Americans find health insurance decisions the second most difficult major life decision only behind saving for retirement (36%) and slightly more difficult than purchasing a car (23%), via Aetna’s Empowered Health Index Survey. Why are health insurance choices so tough? Consumers told Aetna that the available information is confusing and complicated (88% percent), there is conflicting information (84%) and it’s difficult to know which plan is right for them (83%).

Based on this survey’s findings, millions of Americans indeed feel dis-empowered by health care decision making. Who is empowered? Aetna says the empowered are likely to be more affluent, insured, married, take prescriptions as instructed, are employed, have a chronic condition, and tend to be female.

On the other side of the empowerment coin, the survey found that less empowered people tend to be male, divorced, African American or Hispanic, in poor or fair health, unemployed, with lower income less than $50K, and uninsured.

Other key findings found in Aetna’s survey are that:

  • 41% have skipped prescription meds, stopped them, or postponed needed medical procedures. The most likely people to delay care or skip meds are those in fair or poor health (76%) and those with chronic health conditions (57%).
  • 22% of people have gone into savings in the past year to pay for health care.
  • 42% of U.S. adults don’t track their health care out-of-pocket costs. 81% have difficulty making medical decisions because they do not know the costs of tests and procedures. The lack of price transparency prevents people from feeling empowered in health care decision making. Two-thirds of people told Aetna they want access to health cost information, and two-thirds also want to be able to compare health care providers based on quality ratings.
  • 54% of consumers use websites and apps that help them manage their health, versus 45% who rarely or never do.
  • 16% of consumers use mobile phone apps to manage their health, and 43% are interested in using a mobile app to receive reminders for doctors’ appointments and medication.
  • 69% want access to their medical records.

Aetna’s looking to engage more with patients through social media, using the Twitter hashtag #emphealth.

Aetna’s phone survey was conducted in July 2012 among 1,500 U.S. adults 18 years and older.

Health Populi’s Hot Points:  Of the 15% of Americans who do not have health insurance, Aetna found that 36% do not believe they have enough information to shop for it and 24% are not confident in their ability to choose the right plan.

To help its current enrollees, Aetna developed a cost-estimation tool, the Member Payment Estimator, which personalizes how much out-of-pocket costs will be for the patient using the tool. Aetna also re-designed the arcane Explanation of Benefits form using fifth-grade language.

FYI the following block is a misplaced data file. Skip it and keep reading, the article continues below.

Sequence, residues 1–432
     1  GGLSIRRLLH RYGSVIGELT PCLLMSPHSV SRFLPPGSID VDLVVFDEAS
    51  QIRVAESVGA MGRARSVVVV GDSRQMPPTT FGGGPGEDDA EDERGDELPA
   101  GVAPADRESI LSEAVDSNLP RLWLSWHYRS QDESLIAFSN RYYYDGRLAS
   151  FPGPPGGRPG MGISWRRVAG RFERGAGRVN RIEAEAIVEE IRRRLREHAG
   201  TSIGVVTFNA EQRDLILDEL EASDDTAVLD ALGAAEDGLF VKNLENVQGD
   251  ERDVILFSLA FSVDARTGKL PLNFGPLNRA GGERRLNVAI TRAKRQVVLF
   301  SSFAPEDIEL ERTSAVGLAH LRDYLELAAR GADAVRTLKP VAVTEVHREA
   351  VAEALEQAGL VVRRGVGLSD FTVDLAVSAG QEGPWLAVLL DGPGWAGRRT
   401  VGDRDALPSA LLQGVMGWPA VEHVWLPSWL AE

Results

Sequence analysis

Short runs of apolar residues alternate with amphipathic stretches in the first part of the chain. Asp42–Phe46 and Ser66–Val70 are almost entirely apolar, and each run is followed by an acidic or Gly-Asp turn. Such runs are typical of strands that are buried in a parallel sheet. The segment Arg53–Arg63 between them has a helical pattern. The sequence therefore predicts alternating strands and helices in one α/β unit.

Looking to 2014 when more U.S. health citizens will access to Health Insurance Exchanges for purchasing health insurance, people will need information that directly speaks about health insurance plans that are most relevant to them. This will mean more than parsing words into lower-level language for an elementary school readership. It means re-inventing health communications in a disruptive way. Most people who are fortunate enough to be insured don’t love the arcane benefit documentation handed them at health plan election time, and continue to be challenged by health plan illiteracy – that is, not understanding how to use HSAs, MSAs, and other facets of consumer-directed health plans.

The new-new health communication will engage people online (whether on computers or via mobile platforms) with artfully designed interfaces and entertaining, cleverly scripted language. The health plan that does that will garner market share, at least in the first wave of consumer adoption of these new health plans.

To hold onto these new health plan customers, plans will have to then delight members with streamlined health administration, few hassles, and tools that help people both manage the cost-side of their burden along with tools, devices and apps to help them manage their clinical issues.

While uninsurance is a factor when it comes to lack of empowerment in health care, there are other demographics the Aetna survey identifies which can’t be overlooked: affluence, as a proxy for education, plays a huge role in health care self-efficacy. That’s why health plan education, and health education in general, is so important for inspiring health engagement. This responsibility won’t fall only on the health plan industry, but on the larger health ecosystem: providers, both individual physicians and nurses, as well as institutions such as local hospitals, Federally Quality Health Centers and schools, must play a larger role in supporting health consumer literacy. Pharmacies and health retail outlets, too, will play feature roles in health education for patients.

Patient engagement and empowerment is truly a team sport.